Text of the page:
Spaniard Joan Cardona summited Everest from its north side on May 17, 2006. A member of the "Comarques Gironines" - a small, independent team from Catalunya, Spain - Joan summited after a fast push from the North Col, stopping for just four hours at 7900m. He made it back to ABC the same day.
An easy climb â compared to Kangchenjunga
Joan is an experienced climber: In addition to Cho Oyu and Shisha's summits, he has attempted several 8000ers, including Kangchenjunga, Makalu, and Everestâs Norton Couloir in 1996. Compared to these expeditions, Everest 's North Col route was a fast deal.
"My personal experience on Everest has been simply great," said Joan. "I felt strong, conditions were amazingly good, I had absolutely no problem during the summit push or descent. What else could I wish for?"
But when it comes to the bad events on Everest this season, Joan is upset that all Everest climbers are put to blame.
"I simply canât believe everybody refused to help"
"Talk is cheap - but some people should know better before criticizing everybody on Everest this spring," he told ExplorersWeb.
"I am talking about David Sharpâs case, of course. Iâve read ferocious criticism in the media blaming ALL climbers on the mountain â but it is extremely difficult to know exactly what happened. Even myself - I canât say what happened, since I went for the summit one day later, and didnât know of Sharp."
"I simply canât believe everybody refused to help David. Most people are not that mean. Moreover, people on Everest are no different from people in any place. Someone has an accident, and maybe someone else will pass by without stopping to help â but this is not the rule."
"On Everest just as anywhere else, there are good and bad people - and most are good. I am sure many people passing by David Sharp when he was sick didnât notice him, didnât know he was in trouble."
Talk is cheap, especially from home
"Moreover, it is easy to say he could have been rescued, he could have been saved. By whom, I wonder? Smaller teams would barely have been able to do anything. Only large groups with strong Sherpa support could have arranged a rescue, as was the case with Lincoln Hall."
"It's easy to criticize from the comfort of our houses and offices. Journalists happily denounce 'these selfish Everest climbers' for leaving David to die â when theyâve never been on a mountain, never found themselves in a similar situation."
"But things are not so easy at 8000m. Least of all on Everest, because the majority of climbers Iâve met there were far beyond their skills, endurance capacity, and experience."
Too many out of place on Everest
"I recall I met a girl crying below the Second Step. She didnât dare traverse an easy section, because there was a precipice on one side. All I could think was: What on Earth are you doing here, girl? You should have gone trekking â this is not a place for you." Do you really think that girl could have helped anyone? She couldnât even help herself!"
"For Godâs sake, there was a 15 year old boy willing to climb! He got sick lower down and was evacuated, but he could have died there so easily. It is utterly irresponsible."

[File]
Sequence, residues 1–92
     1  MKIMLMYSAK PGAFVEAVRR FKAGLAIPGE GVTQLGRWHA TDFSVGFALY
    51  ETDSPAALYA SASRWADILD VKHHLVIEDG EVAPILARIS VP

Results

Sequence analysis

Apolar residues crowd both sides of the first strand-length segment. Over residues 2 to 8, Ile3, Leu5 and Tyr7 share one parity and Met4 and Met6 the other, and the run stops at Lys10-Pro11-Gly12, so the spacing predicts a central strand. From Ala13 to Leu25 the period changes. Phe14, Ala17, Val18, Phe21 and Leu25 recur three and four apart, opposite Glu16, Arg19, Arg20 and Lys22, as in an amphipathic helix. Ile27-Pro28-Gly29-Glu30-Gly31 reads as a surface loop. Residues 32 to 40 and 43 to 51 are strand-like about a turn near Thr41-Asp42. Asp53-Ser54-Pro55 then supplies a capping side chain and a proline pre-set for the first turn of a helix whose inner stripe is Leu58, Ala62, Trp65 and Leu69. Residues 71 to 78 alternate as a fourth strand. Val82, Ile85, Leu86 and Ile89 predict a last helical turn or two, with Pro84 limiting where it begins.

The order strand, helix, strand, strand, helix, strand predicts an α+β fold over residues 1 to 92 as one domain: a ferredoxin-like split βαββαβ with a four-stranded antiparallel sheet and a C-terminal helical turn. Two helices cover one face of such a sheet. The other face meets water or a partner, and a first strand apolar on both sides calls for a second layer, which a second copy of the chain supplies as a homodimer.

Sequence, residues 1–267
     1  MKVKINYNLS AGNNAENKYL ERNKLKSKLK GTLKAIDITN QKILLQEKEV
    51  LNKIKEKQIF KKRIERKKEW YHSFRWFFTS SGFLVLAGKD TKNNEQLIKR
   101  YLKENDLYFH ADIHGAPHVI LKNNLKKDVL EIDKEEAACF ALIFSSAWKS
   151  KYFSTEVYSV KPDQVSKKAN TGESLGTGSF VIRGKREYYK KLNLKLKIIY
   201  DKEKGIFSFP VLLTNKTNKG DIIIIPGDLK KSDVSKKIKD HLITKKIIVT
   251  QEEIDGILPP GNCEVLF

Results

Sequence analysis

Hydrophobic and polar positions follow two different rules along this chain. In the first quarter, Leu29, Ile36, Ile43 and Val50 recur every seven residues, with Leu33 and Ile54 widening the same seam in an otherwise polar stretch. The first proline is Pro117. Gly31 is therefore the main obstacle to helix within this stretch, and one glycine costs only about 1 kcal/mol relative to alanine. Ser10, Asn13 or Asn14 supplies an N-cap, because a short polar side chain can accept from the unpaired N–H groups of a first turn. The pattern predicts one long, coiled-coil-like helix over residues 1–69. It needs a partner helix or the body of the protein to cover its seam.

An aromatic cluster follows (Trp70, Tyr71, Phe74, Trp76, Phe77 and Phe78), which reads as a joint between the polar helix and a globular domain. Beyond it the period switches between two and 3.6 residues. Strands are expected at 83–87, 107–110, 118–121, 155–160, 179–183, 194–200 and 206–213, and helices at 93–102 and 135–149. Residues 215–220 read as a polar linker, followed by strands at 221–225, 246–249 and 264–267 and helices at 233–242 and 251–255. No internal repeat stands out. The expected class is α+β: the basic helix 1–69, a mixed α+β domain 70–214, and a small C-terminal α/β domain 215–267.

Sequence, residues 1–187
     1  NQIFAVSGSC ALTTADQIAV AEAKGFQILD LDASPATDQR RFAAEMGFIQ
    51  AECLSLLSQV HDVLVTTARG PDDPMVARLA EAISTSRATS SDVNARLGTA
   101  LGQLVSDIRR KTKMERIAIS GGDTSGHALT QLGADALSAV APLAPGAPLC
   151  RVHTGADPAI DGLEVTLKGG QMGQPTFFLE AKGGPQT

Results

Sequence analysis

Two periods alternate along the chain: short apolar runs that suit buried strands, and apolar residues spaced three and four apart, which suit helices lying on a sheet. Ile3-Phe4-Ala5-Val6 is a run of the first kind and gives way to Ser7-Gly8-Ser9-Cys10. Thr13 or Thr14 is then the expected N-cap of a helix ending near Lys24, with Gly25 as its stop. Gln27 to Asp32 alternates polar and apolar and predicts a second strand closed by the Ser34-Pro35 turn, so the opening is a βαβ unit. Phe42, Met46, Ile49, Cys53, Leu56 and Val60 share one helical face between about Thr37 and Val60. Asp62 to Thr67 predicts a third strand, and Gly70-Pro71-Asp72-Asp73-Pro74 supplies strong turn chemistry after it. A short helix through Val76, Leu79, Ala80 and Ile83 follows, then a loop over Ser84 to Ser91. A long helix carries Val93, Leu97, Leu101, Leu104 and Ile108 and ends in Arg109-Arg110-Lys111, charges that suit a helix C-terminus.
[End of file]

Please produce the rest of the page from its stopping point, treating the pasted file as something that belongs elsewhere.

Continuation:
Everest is not easy
"In my opinion, the blame lies mainly with the big commercial expeditions, who make inexperienced people think Everest is easy. Well, it is not. It demands skill, stamina, and wide experience in high altitude mountaineering!"
"There is a false idea of Everest being some sort of theme park, where everything is fixed for visitors, who only have to worry about having strong legs. Too many people think theyâll be perfectly safe as long as they pay a large enough amount of money. But it is not like that, as facts have proven. Most people dying on the mountain this year were not killed in an accident â they just died of exposure and exhaustion â they were simply not prepared."
Ban commercial teams
"I am sorry but thatâs how I see it: Things like this year wouldnât happen if the commercial, guided teams werenât allowed. You see this is only happening on Everest â you donât find those kind of people on other 8000ers."
"As a small team, we were all experienced, we trained hard, we knew each other well, and we all knew safety was our first priority. But most of all, we were self-sufficient. Otherwise, no one should attempt such a high peak."
We all made it back safely
"All I can say is, I had no trouble of any kind on my summit push. I saw two corpses on the way up â and I am sure they were both completely dead. If I had met someone in trouble, I would have stopped, and would have done my best to help - within my posibilities."
"As for my climbing mates, one of them twisted a shoulder on the way up and had to turn round. Team member Arnau attempted the summit later, on May 25, but while he was going up, our Sherpa thought we were done and retrieved everything from our Camp 3, so Arnau was forced to abort. It was bad luck, they had to turn round â but they made it back safely. None of us suffered frostbite or any altitude sickness."
Joan Cardona (46) is well-known in the Spanish outdoors community as a skilled long distance skier, marathon runner, and Ski-alpinist. An experienced climber, after several peaks in the Andes, the Alps and Himalaya, Joan attempted Kangchenjunga in 1986, Broad Peak in 1989, Makalu in 1991 (reached Makalu 2), Everestâs North face in 1996, Shisha Pangma in 2000, and Gasherbrum II in 2004. He has summited Cho Oyu on skis (1993) and Shisha Pangma main (2002).
In spring 2006, Cardona led the "Comarques Gironines" expedition on Everestâs North Col route, Tibet. Expedition members were Arnau Julia, Jordi Servosa, Rafel Fuentes, Lluis Julia, and Jordi Canyigueral. Joan was the only member who reached the summit on May 17.
#Mountaineering #Opinion #interview
Visit our new website